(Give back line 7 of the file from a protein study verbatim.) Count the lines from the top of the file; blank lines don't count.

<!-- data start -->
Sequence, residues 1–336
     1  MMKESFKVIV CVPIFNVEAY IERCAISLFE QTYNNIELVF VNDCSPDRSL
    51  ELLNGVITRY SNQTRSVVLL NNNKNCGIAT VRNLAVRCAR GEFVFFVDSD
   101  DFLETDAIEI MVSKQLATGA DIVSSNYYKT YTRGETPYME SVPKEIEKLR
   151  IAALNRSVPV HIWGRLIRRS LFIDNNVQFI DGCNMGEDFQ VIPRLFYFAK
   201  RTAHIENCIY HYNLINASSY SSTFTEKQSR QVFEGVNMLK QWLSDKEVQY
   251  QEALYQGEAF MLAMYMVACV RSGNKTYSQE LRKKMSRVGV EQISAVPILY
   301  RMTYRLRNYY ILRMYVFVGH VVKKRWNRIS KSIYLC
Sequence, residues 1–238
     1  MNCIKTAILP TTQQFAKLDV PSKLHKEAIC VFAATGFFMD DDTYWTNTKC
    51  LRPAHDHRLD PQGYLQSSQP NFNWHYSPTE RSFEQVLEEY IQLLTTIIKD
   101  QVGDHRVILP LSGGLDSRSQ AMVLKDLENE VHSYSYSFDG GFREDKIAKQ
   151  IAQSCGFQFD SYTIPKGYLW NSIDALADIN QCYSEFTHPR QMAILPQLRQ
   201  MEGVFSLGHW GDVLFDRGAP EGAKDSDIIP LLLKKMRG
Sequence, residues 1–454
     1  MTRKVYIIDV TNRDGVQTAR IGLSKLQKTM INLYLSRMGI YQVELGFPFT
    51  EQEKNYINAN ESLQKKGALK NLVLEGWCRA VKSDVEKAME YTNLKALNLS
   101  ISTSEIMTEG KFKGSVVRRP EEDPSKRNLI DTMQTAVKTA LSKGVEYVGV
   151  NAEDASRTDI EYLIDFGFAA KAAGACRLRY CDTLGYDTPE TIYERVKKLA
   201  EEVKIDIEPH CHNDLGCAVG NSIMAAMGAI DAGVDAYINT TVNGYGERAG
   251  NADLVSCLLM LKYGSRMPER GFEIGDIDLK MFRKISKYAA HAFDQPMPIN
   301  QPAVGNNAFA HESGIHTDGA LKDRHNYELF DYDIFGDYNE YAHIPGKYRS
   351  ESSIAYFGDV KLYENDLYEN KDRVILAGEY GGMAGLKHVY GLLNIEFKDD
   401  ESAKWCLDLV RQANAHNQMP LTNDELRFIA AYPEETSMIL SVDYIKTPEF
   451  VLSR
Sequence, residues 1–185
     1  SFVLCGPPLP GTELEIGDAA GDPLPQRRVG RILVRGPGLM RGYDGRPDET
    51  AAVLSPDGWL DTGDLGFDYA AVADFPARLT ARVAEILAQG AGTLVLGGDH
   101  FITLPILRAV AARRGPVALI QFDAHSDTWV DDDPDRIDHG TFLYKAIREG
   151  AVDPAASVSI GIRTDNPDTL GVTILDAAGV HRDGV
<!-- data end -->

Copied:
   251  QEALYQGEAF MLAMYMVACV RSGNKTYSQE LRKKMSRVGV EQISAVPILY